That being said, XML encryption has a characteristic that sets it apart. You can encrypt just a portion of an XML file. For example, you can encrypt an element and all of its sub-elements. Just select the part of the document you wish to encrypt, actually encrypt the text, and send it to its valid recipients.
What are XML schema and namespaces?
Schema and namespaces are used to clarify element names and to establish rules about their attributes and their relationship to other elements.
XML schema in definition and validation
An XML schema defines the allowable structure of an XML file. For example, it can determine the order of the elements, their permissible attributes and what’s required for the file to be complete. When an XML file is parsed, it’s validated against the schema to ensure that required data is present and data values are acceptable.
Many industries and organizations have created standardized XML formats, and most are defined by XML schemas.
Organizing elements and attributes with namespaces
There are only so many reasonable names for elements in the world. A common one, such as “name” or “date,” is used in many XML files, and a date in one context must be distinguished from a date in another. With namespace, element and attribute names can be assigned to a group and be differentiated from one another.
DTD vs XSD
Document Type Definition (DTD) and XML Schema Definition (XSD) are both used to define the structure of an XML file. DTD derives from generalized markup language syntax, while XSD is actually written in XML. XSD offers some advantages.
XSD can define the contents of an XML file as well as the structure. It supports namespaces. It’s easy to learn for someone who already knows XML. Like other forms of XML, XSD is extensible.
XSLT and Xpath
Extensible Stylesheet Language (XSLT) is used to transform an XML document into another markup language document, most frequently HTML or XHTML for a browser. As it transforms, it can add, remove and rearrange elements and attributes. XSLT uses Xpath to navigate through the elements in an XML file and find the parts of the document that require transformation.
Advanced XML technologies to know
XML is widely used in today’s technologies, including web services, databases, search engines and APIs.
SOAP and REST
An application programming interface (API) is a set of functions and procedures that define how one application will interact with another. Simple Object Access Protocol (SOAP) provides a rigorous and secure way to build APIs that encode data in XML. It’s a communications protocol that uses XML to provide a messaging framework. It’s particularly used in decentralized systems that run on different operating systems.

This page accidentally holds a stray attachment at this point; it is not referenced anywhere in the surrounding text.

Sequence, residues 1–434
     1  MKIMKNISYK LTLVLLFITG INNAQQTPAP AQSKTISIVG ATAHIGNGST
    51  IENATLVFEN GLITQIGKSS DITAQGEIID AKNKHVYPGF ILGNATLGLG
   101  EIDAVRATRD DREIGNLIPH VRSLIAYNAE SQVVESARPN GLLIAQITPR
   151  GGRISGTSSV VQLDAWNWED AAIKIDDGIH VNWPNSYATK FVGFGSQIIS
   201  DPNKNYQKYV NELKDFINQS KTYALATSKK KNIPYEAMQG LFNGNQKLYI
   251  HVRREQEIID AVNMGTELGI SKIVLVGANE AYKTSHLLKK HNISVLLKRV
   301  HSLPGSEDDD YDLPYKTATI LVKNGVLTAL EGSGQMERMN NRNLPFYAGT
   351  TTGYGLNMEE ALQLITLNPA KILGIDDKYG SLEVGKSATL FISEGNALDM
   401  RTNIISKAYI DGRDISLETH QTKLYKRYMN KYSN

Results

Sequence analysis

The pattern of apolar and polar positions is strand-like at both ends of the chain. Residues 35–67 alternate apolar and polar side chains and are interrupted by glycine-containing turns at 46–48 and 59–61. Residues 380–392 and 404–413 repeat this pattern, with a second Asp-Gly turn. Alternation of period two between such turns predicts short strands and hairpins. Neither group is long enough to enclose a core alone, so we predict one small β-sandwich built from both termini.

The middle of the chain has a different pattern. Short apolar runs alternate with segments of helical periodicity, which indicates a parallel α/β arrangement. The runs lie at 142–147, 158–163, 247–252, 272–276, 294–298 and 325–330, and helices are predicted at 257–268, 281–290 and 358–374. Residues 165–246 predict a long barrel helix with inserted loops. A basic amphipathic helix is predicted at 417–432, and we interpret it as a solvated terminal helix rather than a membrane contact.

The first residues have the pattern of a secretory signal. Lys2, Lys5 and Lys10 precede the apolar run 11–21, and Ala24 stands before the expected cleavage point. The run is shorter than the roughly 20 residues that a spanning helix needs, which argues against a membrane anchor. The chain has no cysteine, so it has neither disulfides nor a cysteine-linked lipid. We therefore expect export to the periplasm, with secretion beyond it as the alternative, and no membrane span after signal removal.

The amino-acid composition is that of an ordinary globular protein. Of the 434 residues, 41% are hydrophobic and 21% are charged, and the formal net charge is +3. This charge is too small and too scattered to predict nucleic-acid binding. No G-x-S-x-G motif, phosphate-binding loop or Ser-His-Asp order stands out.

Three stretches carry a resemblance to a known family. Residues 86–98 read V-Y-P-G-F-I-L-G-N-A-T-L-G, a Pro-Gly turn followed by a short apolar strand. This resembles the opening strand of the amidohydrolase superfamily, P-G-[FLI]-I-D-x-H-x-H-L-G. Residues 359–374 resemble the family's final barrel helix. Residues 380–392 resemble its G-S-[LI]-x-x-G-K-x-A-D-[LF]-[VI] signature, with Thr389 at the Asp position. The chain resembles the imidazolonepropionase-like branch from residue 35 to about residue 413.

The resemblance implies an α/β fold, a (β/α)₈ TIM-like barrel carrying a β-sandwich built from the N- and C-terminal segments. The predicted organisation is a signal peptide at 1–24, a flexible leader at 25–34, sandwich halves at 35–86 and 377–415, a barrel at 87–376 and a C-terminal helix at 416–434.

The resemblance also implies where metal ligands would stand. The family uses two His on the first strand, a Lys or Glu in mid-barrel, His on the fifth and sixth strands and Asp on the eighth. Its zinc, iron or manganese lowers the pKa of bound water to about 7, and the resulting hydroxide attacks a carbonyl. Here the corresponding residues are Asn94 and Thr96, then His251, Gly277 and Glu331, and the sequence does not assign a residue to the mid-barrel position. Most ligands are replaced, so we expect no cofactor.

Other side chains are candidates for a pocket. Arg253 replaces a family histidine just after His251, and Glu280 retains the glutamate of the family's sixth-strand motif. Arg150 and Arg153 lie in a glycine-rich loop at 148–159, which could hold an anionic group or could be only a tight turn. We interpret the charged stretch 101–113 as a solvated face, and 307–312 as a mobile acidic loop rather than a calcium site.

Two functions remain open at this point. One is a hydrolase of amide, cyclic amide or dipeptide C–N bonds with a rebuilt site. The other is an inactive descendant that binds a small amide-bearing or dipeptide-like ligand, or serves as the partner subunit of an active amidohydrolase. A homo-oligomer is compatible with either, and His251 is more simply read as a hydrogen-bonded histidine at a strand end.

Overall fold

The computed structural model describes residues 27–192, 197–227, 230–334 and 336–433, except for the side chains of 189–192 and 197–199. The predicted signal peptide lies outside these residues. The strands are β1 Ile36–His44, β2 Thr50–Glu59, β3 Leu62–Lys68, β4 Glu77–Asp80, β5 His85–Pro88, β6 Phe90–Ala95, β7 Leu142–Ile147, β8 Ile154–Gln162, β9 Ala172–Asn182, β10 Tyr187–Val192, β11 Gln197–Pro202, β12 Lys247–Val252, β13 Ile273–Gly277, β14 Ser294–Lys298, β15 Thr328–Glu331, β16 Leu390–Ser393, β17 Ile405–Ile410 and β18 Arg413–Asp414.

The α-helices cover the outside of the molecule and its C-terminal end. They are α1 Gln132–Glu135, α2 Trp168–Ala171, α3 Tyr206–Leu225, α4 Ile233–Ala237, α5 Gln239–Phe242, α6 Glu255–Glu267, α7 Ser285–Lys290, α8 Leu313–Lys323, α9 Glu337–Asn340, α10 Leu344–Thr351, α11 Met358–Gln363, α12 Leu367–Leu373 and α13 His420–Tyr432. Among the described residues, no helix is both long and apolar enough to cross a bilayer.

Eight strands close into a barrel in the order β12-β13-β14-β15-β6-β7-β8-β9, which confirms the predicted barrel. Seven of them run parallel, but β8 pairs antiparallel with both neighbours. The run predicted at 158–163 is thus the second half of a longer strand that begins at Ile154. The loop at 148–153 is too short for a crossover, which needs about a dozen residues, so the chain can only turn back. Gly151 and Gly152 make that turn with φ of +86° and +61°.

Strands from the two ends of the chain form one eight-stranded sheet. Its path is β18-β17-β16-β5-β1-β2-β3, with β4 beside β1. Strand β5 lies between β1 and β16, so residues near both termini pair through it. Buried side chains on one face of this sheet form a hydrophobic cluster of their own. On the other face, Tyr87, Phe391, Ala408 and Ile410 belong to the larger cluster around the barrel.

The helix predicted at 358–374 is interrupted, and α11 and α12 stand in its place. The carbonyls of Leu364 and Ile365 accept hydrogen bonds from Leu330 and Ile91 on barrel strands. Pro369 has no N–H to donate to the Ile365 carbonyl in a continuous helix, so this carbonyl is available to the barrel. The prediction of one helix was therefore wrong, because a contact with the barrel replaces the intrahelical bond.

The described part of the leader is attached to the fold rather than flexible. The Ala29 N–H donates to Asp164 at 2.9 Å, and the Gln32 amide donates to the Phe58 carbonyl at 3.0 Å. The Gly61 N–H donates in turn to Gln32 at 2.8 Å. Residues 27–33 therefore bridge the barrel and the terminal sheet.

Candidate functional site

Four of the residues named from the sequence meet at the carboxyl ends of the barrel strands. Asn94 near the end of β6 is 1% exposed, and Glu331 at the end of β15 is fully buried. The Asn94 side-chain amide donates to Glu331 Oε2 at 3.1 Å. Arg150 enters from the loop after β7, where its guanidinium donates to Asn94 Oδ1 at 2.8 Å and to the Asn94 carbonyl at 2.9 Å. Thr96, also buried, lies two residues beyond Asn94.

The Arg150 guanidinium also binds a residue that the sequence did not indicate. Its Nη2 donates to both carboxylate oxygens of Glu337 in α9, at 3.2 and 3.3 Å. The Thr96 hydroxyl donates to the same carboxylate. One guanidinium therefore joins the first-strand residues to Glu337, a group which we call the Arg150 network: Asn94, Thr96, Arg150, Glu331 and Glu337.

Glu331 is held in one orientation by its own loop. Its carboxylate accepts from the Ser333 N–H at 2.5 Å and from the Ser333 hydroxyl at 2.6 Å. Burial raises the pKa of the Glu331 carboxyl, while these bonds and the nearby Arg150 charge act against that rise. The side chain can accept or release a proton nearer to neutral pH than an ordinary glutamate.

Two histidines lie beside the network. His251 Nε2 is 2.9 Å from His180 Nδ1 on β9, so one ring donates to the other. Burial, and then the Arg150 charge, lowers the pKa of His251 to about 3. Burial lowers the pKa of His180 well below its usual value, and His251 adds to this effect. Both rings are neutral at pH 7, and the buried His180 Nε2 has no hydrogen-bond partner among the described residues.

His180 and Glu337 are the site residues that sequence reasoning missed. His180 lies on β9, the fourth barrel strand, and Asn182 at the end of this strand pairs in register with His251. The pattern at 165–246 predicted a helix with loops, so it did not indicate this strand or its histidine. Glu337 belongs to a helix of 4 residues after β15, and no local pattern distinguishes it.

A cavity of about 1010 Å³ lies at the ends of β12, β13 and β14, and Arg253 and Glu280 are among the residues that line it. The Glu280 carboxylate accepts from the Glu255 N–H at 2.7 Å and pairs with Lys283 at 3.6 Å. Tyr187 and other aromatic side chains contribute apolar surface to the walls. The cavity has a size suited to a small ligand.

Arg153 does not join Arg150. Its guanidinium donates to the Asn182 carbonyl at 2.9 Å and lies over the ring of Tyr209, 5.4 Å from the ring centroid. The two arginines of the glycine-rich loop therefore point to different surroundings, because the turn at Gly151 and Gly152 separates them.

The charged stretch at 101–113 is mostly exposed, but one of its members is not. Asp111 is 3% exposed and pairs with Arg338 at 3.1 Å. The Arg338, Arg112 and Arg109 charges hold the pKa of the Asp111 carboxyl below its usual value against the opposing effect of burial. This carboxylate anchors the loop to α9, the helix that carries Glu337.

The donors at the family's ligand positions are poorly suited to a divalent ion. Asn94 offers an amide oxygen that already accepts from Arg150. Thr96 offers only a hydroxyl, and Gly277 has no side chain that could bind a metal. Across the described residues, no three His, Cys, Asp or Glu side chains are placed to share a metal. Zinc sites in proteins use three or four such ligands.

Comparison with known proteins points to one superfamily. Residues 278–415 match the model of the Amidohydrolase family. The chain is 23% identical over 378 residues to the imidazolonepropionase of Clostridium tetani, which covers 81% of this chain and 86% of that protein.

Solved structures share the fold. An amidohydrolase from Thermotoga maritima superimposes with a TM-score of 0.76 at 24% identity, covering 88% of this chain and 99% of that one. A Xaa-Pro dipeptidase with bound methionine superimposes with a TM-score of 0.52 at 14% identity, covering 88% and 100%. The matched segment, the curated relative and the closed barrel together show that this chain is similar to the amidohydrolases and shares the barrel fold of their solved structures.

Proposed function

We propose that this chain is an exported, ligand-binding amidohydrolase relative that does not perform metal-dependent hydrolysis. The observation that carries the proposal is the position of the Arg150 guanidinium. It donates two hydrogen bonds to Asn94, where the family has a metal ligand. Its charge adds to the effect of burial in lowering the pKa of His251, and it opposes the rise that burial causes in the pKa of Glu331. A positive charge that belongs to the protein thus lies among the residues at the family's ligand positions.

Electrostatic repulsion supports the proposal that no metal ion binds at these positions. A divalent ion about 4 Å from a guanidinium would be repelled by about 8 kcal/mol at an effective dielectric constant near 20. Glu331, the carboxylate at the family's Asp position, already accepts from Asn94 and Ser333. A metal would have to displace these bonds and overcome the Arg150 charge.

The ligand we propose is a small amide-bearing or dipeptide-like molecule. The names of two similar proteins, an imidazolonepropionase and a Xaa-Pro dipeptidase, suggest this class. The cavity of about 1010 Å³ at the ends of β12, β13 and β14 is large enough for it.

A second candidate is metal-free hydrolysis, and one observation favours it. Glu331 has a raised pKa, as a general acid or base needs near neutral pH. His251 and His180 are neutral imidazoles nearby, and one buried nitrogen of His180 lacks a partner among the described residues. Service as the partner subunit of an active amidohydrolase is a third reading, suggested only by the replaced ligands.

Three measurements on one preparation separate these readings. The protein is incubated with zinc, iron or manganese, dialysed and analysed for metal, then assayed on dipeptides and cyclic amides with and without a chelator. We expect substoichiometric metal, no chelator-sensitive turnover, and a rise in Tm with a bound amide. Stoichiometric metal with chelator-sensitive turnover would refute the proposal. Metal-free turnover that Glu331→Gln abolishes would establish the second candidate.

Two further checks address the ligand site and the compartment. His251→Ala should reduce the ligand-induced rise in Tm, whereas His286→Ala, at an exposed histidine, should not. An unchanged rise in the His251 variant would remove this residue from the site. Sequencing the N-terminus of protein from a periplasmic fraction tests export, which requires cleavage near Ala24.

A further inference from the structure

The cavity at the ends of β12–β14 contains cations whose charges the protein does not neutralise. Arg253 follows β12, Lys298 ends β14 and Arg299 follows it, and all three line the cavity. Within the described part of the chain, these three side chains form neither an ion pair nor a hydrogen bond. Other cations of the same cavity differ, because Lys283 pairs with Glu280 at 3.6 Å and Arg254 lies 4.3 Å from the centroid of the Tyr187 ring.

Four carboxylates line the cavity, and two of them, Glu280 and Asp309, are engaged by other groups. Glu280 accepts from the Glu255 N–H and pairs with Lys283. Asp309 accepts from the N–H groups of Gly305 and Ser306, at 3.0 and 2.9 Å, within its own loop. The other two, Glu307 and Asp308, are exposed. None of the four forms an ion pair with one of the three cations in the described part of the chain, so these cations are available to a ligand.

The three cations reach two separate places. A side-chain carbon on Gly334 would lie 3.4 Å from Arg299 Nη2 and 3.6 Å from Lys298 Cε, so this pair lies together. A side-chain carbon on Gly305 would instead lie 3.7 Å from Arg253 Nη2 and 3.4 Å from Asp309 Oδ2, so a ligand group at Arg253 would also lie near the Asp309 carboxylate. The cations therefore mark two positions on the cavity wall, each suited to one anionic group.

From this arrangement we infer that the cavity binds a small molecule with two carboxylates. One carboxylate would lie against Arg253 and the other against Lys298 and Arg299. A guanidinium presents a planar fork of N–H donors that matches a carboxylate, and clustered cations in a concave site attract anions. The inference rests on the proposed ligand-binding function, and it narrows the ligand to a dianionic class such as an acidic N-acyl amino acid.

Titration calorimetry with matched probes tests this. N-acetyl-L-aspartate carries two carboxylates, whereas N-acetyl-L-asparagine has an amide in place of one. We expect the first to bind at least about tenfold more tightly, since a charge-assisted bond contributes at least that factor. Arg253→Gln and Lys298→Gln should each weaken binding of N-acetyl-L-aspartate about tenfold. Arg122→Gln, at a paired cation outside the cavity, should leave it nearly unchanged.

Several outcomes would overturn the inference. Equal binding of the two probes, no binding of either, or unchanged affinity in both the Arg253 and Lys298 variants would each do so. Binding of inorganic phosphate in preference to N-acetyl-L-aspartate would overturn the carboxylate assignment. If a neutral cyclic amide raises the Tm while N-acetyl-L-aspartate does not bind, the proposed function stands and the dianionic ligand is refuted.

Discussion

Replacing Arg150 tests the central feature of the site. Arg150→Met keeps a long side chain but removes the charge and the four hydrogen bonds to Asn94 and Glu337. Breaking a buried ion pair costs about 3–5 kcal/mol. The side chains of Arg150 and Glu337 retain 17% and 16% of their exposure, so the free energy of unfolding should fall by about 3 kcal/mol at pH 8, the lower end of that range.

Representational State Transfer (REST) is an architectural style rather than a protocol. REST APIs recognize requests for a resource and return results to the requester in a format suitable to the requester.
XML in web services
A web service is a software functionality hosted at a location that can be addressed on a network. It’s a machine-to-machine function that presents an interface but hides the details of its implementation. XML is frequently the format for sending messages between systems. It gives those XML documents the self-descriptive ability that’s the hallmark of XML.
Without XML, the client requesting a web service would need domain knowledge to understand and process the data stream it’s receiving. With XML, the web service provider can describe the data within the XML documents themselves, and the client can interpret the XML files using their preferred XML parser.
XML in databases
CRM databases are a key component to manage customer data. There are a number of advantages to doing that management in a database that stores XML documents. For one thing, both people and machines can read the data.
That’s not always true of relational databases, which require a human to be familiar with the database and its structure. Some databases contain both XML and other data formats. Often XML is used for the metadata that defines the contents of the database.